Scheme is a beautiful language. – prof Ben Leong
Recently I read some Scheme articles and I find myself start appreciating more about its beauty. I am going to start a series of posts to share my thoughts and problems I had in learning.
Any technology sufficiently advanced is indistinguishable from magic. – Arthur C. Clarke
Converts scheme code into data.
|‘(1 (2 3))||[list] ([integer] 1, [list]([integer] 2, [integer] 3))|
|‘’(1 2)||[list] ([symbol] quote, [list]([integer] 1, [integer] 2))|
''(1 2)is actually
(quote (quote (1 2))), which converts
Scheme without “quote” is still Turing complete. I think the main reason for introducing “quote” is macros, which makes scheme flexible and extensible.
Symbol seems to be the same as interned string. However, we cannot replace symbol with string because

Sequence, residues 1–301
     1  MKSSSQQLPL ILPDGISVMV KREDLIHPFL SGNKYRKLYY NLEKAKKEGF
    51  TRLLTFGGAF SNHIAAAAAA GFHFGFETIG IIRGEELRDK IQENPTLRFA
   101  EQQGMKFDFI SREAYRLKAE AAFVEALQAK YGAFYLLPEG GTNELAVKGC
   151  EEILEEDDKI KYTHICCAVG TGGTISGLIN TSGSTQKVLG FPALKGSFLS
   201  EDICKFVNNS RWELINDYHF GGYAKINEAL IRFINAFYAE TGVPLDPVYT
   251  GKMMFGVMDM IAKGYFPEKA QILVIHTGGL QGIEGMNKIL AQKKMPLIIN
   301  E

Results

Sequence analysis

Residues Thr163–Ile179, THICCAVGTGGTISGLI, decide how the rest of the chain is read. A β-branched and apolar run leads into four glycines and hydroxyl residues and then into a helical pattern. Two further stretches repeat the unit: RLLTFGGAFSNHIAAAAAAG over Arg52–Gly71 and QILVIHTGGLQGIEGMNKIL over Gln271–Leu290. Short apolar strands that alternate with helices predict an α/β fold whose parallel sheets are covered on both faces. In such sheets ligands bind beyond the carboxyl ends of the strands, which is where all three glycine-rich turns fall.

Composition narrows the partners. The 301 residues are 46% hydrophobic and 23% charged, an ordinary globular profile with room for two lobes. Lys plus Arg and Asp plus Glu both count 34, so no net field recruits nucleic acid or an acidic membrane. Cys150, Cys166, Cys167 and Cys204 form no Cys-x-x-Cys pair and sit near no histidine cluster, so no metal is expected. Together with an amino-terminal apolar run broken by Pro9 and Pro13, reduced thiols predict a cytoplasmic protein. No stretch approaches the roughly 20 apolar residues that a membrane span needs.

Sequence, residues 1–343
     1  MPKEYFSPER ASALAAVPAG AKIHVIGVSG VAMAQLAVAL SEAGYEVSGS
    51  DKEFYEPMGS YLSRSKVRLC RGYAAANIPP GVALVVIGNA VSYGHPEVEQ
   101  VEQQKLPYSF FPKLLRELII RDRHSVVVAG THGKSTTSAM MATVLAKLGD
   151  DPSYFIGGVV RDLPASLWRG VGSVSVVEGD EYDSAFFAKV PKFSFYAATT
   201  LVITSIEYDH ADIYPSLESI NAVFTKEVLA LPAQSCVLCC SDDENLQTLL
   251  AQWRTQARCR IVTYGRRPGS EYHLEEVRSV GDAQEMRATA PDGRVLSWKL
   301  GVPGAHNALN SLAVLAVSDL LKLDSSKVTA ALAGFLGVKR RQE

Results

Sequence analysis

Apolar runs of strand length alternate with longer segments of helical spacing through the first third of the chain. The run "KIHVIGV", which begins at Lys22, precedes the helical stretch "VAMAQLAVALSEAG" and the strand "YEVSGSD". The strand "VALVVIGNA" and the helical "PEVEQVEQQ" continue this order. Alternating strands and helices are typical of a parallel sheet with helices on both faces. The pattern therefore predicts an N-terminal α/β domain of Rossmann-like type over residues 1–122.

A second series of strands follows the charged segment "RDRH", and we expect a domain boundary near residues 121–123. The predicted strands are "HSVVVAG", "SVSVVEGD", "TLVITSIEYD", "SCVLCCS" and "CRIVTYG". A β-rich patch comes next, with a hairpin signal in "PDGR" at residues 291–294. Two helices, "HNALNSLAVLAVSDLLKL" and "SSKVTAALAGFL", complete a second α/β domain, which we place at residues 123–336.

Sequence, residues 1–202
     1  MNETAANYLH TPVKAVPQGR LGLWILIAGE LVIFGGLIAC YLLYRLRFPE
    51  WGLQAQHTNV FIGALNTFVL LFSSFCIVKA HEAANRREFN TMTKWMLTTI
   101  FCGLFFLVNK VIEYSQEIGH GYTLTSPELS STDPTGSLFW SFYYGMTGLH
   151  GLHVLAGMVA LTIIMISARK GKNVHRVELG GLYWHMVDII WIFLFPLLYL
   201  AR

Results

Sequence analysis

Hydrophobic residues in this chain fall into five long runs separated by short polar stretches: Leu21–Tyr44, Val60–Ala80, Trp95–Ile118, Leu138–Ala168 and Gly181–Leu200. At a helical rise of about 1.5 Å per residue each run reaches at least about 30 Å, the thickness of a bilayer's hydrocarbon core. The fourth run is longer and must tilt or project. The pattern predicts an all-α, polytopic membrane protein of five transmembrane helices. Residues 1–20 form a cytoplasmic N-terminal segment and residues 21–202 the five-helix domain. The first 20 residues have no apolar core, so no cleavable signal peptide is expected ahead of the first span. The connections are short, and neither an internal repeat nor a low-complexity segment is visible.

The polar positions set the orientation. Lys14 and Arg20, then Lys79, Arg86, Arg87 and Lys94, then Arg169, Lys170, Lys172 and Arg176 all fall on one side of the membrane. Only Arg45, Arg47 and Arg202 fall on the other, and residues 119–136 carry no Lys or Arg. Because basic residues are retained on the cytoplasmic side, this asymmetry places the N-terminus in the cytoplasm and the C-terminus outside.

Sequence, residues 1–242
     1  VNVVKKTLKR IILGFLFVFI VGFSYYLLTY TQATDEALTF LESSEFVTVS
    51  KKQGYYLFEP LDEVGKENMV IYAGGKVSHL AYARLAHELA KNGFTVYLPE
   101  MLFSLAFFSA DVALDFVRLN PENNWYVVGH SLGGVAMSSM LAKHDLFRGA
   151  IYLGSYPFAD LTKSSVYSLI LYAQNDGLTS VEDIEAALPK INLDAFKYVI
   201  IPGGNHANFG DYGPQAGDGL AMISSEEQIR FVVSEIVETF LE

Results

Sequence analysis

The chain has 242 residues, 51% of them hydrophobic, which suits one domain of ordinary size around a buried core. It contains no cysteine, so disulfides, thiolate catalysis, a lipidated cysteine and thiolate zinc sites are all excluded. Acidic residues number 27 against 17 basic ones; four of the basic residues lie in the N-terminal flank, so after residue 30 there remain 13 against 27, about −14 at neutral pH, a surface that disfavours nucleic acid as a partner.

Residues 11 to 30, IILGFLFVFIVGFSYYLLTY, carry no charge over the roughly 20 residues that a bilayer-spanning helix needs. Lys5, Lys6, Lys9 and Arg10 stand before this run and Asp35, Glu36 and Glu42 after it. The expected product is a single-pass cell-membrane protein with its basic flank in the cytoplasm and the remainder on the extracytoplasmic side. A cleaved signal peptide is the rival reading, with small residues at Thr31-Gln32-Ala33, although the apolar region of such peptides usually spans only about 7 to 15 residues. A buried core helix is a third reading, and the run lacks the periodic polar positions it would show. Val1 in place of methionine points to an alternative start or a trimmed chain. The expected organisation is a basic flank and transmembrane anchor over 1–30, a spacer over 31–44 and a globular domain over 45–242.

'define will be not distinguishable. To make
'define meaningful, a new first class type has to be introduced, and that is symbol. Note that introducing symbol data type does not add any syntax to scheme.
'define is just syntactical sugar for
(quote define). This may sounds hacky, but it worth it because it gives scheme the power to process code in the same way it process lists. We will see more about this in another post about macros.